Science

With a democratic victory, Brazil would turn from pariah to scapegoat of the climate – 11/02/2020 – Environment

Chancellor Ernesto Araújo says he feels good in the state of international pariah, accompanied by Donald Trump’s USA. If Joe Biden wins on Tuesday (3), his nationalist pride will be subjected to a stress test that begins with increased pressure on President Jair Bolsonaro to reverse his environmental degradation policies.

Without Trump’s support, Bolsonaro will have to continue speaking to himself in global theater by denying the importance of climate change. Or at most with the most backward leaders in the world with whom he has teamed up – several Arab oil potentates, not by chance – to sign a declaration on women’s health that is even incompatible with Brazilian law.

Until the difficult first debate with Trump on September 29, Biden appeared to be ignoring the Amazon. He was then surprised by the promise to bring other countries together and offer them US $ 20 billion to Brazil to stop the clearing of tropical forests, which would otherwise have “significant economic consequences” for the country.

Bolsonaro reacted, as he knows, aggressively. On a social network, he wrote in capital letters that Brazilian sovereignty was non-negotiable, that he would not accept bribes or threats. No wonder for a president who had the diplomatic ruthlessness to celebrate Trump’s victory.

There are reasons to doubt that Biden’s financial promise will be fulfilled. On the page where he presents his environmental and climate plans (joebiden.com/climate-plan), the Democratic candidate does not mention Brazil or the Amazon, although he cites Chile, Canada and the Caribbean, and does not offer, Paying directly to reduce deforestation (he says) only in fulfilling US financial commitment to solve global warming (put in the freezer by Trump).

Barack Obama’s vice president only threatens to “name global climate criminals and bring them to justice”. A democratic government would produce a report highlighting the countries that are missing from their commitments in the Paris Agreement, using the example of what the United States is already doing with human rights and trafficking rankings.

Talking is easy, paying is another 500. Wealthier countries never met the 2009 target of spending $ 100 billion a year on developing countries to fight climate change. This goal is to be achieved in 2020. In 6 of the 10 years that have passed, the American President was Obama and his deputy was Biden.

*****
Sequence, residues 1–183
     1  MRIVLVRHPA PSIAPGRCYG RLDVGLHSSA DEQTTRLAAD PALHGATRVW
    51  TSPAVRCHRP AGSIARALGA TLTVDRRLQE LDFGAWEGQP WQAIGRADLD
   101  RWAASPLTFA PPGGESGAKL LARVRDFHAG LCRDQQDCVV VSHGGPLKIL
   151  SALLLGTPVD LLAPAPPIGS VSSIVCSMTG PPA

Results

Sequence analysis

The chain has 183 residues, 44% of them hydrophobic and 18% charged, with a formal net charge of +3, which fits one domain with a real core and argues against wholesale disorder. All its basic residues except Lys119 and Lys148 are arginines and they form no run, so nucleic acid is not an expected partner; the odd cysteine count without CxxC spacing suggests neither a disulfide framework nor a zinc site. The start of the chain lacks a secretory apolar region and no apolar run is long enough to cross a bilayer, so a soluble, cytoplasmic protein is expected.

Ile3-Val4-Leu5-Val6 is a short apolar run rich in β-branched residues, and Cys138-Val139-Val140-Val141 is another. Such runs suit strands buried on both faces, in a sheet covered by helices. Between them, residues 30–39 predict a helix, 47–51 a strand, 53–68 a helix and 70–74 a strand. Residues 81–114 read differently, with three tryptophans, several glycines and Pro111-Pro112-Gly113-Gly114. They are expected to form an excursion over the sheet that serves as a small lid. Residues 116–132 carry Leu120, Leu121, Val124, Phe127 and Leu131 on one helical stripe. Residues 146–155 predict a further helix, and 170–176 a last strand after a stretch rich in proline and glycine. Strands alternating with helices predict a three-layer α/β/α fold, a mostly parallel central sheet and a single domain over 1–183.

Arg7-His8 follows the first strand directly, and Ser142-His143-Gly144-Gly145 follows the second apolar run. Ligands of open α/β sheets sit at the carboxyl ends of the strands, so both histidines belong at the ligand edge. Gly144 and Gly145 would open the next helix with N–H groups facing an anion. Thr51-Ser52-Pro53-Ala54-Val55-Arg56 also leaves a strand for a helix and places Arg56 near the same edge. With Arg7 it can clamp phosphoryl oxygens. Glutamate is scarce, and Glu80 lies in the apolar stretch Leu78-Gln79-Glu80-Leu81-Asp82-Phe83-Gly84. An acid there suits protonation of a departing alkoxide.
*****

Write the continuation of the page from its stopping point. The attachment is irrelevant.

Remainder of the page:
The imaginative carrot worth 20 billion US dollars for the Amazon was accompanied by the exhibition of the stick common in American, Democratic or Republican foreign policy, the “economic consequences” (like those that friend Trump inflicted on Brazil under Bolsonaro). Biden would not hesitate to put barriers on Brazilian products, especially if it enabled him to distinguish himself as tough and virtuous in the face of nature’s predators.

Even if no sanctions are imposed, the rhetorical guerrilla against the outlaw is already causing and will cause more damage to the national economy. It is no other reason why modernized sectors of export of agribusinesses and big banks have fallen off the wall and started to defend the end of the policy of environmental degradation.

The expected benefits of an agreement between the European Union and Mercosur are at stake precisely because the Bolsonaro government insists on treating deforestation as a publicity issue or as an image problem – when the important images come from satellites.

The military doctrine that denunciations of destruction are part of a conspiracy to internationalize the Amazon and gain access to natural wealth does not withstand the lens of remote sensing. There won’t be a flyover across the jungle that will change how foreigners view deforestation as data from the National Institute for Space Research (Inpe) is available for those who don’t refuse to face reality.

Trump and Bolsonaro live and act in another world; Biden, no. The return in the US to evidence-based political practice, not just ideological constructions, could give new impetus to the international negotiations on climate change that have been taking place since the 1992 Rio Summit.

It might be good news for Brazil, but under Bolsonaro the country turned around and gave up its role until the Paris Conference (2015). Worse, it neglects and even promotes the destruction of the Amazon rainforest and other biomes such as the Cerrado and Pantanal.

Environment Minister Ricardo Salles’ policies have rekindled the furnace that makes land use change – the conversion of forests into pastures – the main national source of carbon emissions. As a result, initiatives to boycott Brazilian raw materials such as soybeans and beef are proliferating.

If Trump stays in power, Brazil can still count on political collusion and the illusion of economic benefits that ideological partnership will never achieve. With Biden’s eventual victory, the outcast becomes a scapegoat for the international community to create the impression that they are finally mobilizing in the face of the challenge of climate change.

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